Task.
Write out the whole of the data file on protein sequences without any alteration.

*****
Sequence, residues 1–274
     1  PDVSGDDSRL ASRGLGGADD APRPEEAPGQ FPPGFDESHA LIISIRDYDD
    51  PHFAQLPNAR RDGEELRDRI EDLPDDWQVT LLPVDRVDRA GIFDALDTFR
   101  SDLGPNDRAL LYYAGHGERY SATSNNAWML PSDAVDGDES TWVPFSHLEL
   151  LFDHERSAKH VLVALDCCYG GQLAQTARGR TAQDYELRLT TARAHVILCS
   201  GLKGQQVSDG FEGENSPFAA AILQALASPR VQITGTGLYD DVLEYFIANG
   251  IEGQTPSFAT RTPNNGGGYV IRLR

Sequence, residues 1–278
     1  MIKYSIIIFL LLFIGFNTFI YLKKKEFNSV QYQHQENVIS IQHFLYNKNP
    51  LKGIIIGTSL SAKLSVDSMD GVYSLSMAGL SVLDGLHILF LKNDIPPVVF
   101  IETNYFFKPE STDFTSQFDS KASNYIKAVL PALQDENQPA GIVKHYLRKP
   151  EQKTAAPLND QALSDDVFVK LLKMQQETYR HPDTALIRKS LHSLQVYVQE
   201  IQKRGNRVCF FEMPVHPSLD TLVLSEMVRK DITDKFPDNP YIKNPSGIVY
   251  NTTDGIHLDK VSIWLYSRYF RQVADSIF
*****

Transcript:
Sequence, residues 1–274
     1  PDVSGDDSRL ASRGLGGADD APRPEEAPGQ FPPGFDESHA LIISIRDYDD
    51  PHFAQLPNAR RDGEELRDRI EDLPDDWQVT LLPVDRVDRA GIFDALDTFR
   101  SDLGPNDRAL LYYAGHGERY SATSNNAWML PSDAVDGDES TWVPFSHLEL
   151  LFDHERSAKH VLVALDCCYG GQLAQTARGR TAQDYELRLT TARAHVILCS
   201  GLKGQQVSDG FEGENSPFAA AILQALASPR VQITGTGLYD DVLEYFIANG
   251  IEGQTPSFAT RTPNNGGGYV IRLR

Sequence, residues 1–278
     1  MIKYSIIIFL LLFIGFNTFI YLKKKEFNSV QYQHQENVIS IQHFLYNKNP
    51  LKGIIIGTSL SAKLSVDSMD GVYSLSMAGL SVLDGLHILF LKNDIPPVVF
   101  IETNYFFKPE STDFTSQFDS KASNYIKAVL PALQDENQPA GIVKHYLRKP
   151  EQKTAAPLND QALSDDVFVK LLKMQQETYR HPDTALIRKS LHSLQVYVQE
   201  IQKRGNRVCF FEMPVHPSLD TLVLSEMVRK DITDKFPDNP YIKNPSGIVY
   251  NTTDGIHLDK VSIWLYSRYF RQVADSIF